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Simulators can serve as a resource for truck driver training and testing, especially during the coronavirus pandemic, according to experts assembled for a webinar hosted by the Transportation Research Board on Nov. 6.
Social distancing protocols established in response to COVID-19 present challenges for commercial driver license training and testing. Traditional driving tests are conducted by professionals who sit beside the driver in the cab of a truck, which does not offer enough space for appropriate social distance.
Pierro Hirsch, director of road safety research at Virage Simulation Inc., said simulators offer a safe solution. Virage designs and manufactures simulator equipment and offers services that support research and the driving school industry.
Hirsch, whose early exposure to driving simulators began at his father’s driving school, said the devices have developed over the years and now employ motion-based, 180-degree screens.
“Simulation is a proven solution as an effective training tool,” Hirsch said. “With simulators, we have an untapped source of a new method for improving driver training and testing. We think there are applications even after COVID.”
The pandemic also has placed some restrictions on CDL credentialing operations at the state government level. Some states are offering limited services, and some are scheduling service by appointment only. Hirsch indicated that, on average, states are issuing credentials at a 60-70% capacity as of September.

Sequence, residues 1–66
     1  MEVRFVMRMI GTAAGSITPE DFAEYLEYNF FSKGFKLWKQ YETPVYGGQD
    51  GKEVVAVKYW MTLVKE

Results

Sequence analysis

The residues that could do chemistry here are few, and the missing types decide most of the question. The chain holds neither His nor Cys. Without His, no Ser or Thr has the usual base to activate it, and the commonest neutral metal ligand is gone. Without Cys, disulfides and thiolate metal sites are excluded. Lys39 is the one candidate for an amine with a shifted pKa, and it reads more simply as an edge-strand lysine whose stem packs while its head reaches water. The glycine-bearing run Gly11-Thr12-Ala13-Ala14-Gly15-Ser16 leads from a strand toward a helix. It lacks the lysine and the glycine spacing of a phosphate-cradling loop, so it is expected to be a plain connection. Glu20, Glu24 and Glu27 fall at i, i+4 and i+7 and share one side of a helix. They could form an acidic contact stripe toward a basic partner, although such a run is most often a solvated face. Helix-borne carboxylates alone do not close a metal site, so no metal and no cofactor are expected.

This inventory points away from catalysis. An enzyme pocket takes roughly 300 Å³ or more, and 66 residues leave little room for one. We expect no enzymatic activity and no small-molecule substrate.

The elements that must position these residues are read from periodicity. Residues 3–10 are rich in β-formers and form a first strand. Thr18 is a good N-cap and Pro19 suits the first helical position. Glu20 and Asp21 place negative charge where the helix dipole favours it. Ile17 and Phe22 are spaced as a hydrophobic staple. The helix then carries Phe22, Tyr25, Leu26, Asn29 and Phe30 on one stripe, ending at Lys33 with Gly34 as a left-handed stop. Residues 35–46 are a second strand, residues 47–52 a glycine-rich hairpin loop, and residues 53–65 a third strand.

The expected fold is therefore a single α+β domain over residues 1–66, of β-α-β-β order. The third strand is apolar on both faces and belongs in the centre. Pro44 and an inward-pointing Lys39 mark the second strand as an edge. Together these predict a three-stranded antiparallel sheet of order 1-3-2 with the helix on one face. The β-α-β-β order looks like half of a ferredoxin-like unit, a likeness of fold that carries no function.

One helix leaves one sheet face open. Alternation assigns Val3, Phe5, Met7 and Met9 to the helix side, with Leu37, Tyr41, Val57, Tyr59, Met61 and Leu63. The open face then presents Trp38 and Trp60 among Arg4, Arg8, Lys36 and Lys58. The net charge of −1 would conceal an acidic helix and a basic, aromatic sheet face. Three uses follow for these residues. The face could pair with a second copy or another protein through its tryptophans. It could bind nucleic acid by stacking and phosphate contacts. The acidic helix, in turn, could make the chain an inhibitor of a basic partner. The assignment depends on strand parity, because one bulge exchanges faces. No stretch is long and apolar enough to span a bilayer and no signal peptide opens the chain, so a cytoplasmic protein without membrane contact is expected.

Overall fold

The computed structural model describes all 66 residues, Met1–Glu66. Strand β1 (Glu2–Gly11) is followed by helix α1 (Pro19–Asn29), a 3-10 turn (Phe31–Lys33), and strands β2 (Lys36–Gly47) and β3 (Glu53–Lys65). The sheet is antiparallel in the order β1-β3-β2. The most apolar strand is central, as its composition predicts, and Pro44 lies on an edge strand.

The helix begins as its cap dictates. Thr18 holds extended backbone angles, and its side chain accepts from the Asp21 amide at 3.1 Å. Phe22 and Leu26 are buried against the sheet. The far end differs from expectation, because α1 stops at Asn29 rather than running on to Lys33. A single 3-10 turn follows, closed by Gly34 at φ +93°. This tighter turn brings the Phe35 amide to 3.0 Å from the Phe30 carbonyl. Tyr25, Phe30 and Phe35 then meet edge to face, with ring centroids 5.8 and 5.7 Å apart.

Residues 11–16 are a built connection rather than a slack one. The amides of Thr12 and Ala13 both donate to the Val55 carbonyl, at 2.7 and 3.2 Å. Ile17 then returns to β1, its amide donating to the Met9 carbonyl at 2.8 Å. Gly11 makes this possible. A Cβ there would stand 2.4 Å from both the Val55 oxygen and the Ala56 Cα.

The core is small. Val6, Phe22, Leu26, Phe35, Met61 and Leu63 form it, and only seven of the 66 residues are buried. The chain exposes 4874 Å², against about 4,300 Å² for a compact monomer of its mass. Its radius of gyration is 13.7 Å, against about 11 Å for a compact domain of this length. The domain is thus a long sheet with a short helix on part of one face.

John Rojas, director of transportation training services at Del Mar College, said that a person who called to book a skills test in Texas during the first week of November would be scheduled to come in for the exam in February. Del Mar College is a community college in Corpus Christi.
Certain elements of simulators, such as the ease with which they can be cleaned, have been valuable during the pandemic, Rojas said.
Simulated environments such as railroad crossings and snowy mountain passes are especially useful for schools in places that do not have those physical features nearby, Rojas said. He noted the mountainous terrain simulation is useful for his school because there are not a lot of mountains in Corpus Christi. Simulators also can offer an opportunity to test tasks such as backing into a loading dock or parallel parking, both of which require a lot of space that schools may not have access to.
Additionally, Rojas said simulators are useful for testing hazard perception, such as deer darting across the road or cars pulling out of driveways.
“You can create an equal playing ground,” Rojas said. “All the tests can be exactly the same.”
Hirsch noted that other fields, such as aviation, military and medicine, have embraced simulators as training tools.
Hirsch said simulators are capable of psychological fidelity, which can make participants feel that they are responding to a real event. He used the example of experienced truck drivers who were sweating after participating in a simulation that tested their use of ramps in the event of brake failure.
“First reactions that people have shared with me is ‘It’s not like the real thing,’ ” Hirsch said. “Dozens of studies have demonstrated that drivers’ performance on truck or car simulators very closely matches what they do in the real vehicle in the real world. It’s remarkable how effective it is and how naturalistically people behave even though they know they’re in a simulator. If they realize that it could happen to them, they’ll be very serious about how they respond in the simulator.”
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